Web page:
Adoption refers to the act by which an adult formally becomes the guardian of a child and incurs the rights and responsibilities of a parent. At the conclusion of the formal process, a legal relationship between child and guardian will have formed. The legal relationship results in the adoptee becoming the legal heir
of the adopter and terminates any legal rights
then in existence with the natural parents.
While certain jurisdictions only permit one of the two types of adoptions, other jurisdictions recognize two types of adoptions – open and closed adoptions. An open adoption permits the birth mother to select her child’s adoptive parents. A closed adoption, meanwhile, results in the birth mother relinquishing all rights over the child and allows a state administrative agency
to conduct the selection process. Some jurisdictions also permit the parents in an open adoption to maintain their visitation and contact rights.
Most cases in which parental rights are terminated occur because of a consensual forfeiture of those rights by parents. Generally, a parent cannot revoke a consensual forfeiture. The natural parent’s right to have custody of their children has been deemed a fundamental right
by the U.S. Supreme Court. See Lindley for Lindley v. Sullivan
, 889 F.2d 124
(7th Cir. 1989). Unless statutory authority
exists, one may not adopt a child by private agreement unless an enabling statute
exists. However, under certain circumstances, a court may find a child to have been “equitably adopted,” and grant the child certain rights that an adopted child
otherwise would have.
Statutes determine the requirements regarding who may adopt in a given state. Most states have modeled their adoption statutes upon the Uniform Adoption Act. The Uniform Adoption Act provides that any individual may adopt another individual in an effort to create the legal relationship of child and parent, subject to the adopting individual having reached adulthood.
States vary with regard to factors they consider as disqualifying one’s ability to adopt. Some statutes disqualify unmarried or single individuals. The Uniform Adoption Act does not prohibit the unmarried from adopting. Others disqualify those suffering from physical or mental disabilities. Some states have imposed “reputability requirements.” Under a reputability requirement, individuals with criminal histories or employment instability would not qualify as suitable for adoption.
To proceed, an individual cannot petition for adoption unless the court makes an official finding that the individual is “acceptable” as an adoptive parent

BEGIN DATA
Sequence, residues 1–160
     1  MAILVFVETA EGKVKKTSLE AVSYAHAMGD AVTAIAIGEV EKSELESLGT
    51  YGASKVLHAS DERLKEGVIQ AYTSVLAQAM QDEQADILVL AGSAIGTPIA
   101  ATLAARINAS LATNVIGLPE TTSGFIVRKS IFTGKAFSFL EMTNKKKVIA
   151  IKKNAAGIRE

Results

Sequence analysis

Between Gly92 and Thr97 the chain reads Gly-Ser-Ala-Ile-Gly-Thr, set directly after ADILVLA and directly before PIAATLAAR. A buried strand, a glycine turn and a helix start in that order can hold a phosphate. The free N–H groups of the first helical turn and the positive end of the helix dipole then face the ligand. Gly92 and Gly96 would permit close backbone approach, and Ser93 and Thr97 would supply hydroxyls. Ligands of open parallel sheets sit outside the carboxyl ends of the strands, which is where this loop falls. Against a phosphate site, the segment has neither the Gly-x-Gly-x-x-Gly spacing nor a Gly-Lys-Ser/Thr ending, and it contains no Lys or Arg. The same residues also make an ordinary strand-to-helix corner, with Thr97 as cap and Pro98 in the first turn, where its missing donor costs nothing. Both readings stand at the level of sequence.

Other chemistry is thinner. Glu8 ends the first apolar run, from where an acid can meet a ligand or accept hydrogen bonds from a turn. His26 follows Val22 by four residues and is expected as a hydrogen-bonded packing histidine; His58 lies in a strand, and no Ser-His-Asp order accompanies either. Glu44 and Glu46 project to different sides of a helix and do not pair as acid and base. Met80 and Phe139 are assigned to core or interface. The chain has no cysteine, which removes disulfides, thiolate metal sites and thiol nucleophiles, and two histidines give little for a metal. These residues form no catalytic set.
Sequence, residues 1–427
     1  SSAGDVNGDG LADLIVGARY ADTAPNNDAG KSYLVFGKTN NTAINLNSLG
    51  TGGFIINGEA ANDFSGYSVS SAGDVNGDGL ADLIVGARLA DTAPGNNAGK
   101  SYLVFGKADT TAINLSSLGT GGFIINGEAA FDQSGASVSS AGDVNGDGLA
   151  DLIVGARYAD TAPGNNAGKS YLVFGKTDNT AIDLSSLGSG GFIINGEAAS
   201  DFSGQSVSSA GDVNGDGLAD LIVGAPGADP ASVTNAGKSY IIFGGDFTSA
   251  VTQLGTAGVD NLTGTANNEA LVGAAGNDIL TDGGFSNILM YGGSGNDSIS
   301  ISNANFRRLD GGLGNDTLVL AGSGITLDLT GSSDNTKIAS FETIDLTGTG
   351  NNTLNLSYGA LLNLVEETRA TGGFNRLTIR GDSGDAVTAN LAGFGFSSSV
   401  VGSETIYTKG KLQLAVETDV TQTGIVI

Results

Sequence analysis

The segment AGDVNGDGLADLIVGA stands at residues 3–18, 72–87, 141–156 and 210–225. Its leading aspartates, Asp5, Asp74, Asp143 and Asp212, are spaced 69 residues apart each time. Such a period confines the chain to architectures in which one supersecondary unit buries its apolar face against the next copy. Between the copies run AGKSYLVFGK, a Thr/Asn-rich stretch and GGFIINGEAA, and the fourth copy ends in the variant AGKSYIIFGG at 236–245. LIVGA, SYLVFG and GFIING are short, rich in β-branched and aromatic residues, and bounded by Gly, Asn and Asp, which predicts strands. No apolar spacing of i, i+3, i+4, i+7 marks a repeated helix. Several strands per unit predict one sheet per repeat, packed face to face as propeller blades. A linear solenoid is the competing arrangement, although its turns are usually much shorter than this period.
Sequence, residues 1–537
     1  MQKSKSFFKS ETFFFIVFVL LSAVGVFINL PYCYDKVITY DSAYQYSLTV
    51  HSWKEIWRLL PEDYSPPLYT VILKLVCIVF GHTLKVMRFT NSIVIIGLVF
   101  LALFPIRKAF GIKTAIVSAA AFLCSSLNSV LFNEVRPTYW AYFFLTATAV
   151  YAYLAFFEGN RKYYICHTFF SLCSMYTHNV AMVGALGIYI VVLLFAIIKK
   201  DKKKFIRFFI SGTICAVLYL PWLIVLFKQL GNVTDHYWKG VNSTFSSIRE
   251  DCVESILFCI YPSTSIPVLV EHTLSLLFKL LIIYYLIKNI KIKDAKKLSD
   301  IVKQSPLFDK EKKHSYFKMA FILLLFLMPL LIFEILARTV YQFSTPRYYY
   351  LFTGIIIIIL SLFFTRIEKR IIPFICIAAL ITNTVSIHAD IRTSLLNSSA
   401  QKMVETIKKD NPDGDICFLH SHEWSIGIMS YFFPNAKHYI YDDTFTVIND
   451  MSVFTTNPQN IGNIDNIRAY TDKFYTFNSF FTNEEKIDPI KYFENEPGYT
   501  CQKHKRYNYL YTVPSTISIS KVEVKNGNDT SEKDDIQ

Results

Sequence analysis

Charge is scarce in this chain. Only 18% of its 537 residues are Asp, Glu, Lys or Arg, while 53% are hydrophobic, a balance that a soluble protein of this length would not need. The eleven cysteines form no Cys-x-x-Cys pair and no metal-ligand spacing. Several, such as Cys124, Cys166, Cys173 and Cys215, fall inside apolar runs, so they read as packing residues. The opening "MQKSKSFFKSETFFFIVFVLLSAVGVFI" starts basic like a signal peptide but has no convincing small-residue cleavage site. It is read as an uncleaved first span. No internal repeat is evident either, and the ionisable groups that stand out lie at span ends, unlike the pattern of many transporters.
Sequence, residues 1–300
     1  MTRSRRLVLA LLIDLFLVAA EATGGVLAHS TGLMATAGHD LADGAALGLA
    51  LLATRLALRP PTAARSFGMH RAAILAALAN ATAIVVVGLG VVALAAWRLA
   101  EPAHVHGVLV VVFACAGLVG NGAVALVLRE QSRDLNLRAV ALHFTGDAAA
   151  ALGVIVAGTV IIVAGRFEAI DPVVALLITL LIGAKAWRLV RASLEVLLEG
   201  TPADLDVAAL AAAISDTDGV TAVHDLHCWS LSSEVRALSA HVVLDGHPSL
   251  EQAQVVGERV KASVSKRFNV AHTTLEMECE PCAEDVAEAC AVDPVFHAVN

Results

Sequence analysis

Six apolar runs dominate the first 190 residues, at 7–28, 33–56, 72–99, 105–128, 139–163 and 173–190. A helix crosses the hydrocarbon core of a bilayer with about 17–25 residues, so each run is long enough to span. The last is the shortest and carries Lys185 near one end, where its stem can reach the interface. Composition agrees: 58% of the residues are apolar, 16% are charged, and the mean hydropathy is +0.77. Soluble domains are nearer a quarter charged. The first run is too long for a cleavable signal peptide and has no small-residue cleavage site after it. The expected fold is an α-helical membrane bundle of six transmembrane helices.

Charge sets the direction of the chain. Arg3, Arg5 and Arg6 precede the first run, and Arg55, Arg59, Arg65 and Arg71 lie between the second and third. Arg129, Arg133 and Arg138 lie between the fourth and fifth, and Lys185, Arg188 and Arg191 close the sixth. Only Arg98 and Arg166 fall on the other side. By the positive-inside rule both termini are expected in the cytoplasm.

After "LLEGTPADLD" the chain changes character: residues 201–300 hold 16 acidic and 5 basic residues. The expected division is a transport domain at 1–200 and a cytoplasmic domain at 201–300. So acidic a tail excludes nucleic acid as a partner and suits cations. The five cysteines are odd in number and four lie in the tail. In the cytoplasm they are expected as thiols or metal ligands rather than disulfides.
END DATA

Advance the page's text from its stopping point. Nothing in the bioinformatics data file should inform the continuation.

. Before an adoption becomes official, the court must pass upon an investigatory report submitted by the state agency that the individual qualifies as “acceptably suitable” for becoming an adoptive parent. These investigatory reports are tremendously detailed, including the petitioners’ religious backgrounds, social history, financial status, moral fitness, mental and physical fitness, and criminal background. After weighing the factors, the agency makes a recommendation, which the court can accept or reject, with the court basing its decision on serving the best interests
and welfare of the child.
Many states, including Florida, Nebraska, and Oklahoma have restricted gays and lesbians from adopting children. But because adoption does not constitute a fundamental right, court challenges to the constitutionality of these restrictions have not worked
thus far. Legislatures have enacted these statutes upon the premise that child rearing by gays and lesbians would not be in the best interests of the child. Other jurisdictions may only consider sexual orientation as one factor when considering if a parent fits the acceptability requirement.
Procedure for Adoption
An individual wishing to adopt must petition the court to grant adoption, presenting evidence that they have satisfied the necessary statutory elements. After an investigation, the state adoption agency presents its report of the petitioners to the court and makes a recommendation.
When the statute requires their consent, due process
accords the natural parents an opportunity to be heard by the court on the matter. If the court cannot find the natural parents, the court must take steps reasonably calculated to notify the parents about the termination proceeding. For situations in which the natural parent cannot or does not want to care for the child, the natural parent’s wishes for the child’s placement receive significant weight from the court.
The petitioner bears the burden of proving by a preponderance of the evidence
that adoption is in the child’s best interests. An adoptive parent looking to terminate the biological parents’ natural rights must show the action to be in the child’s best interest by “clear and convincing evidence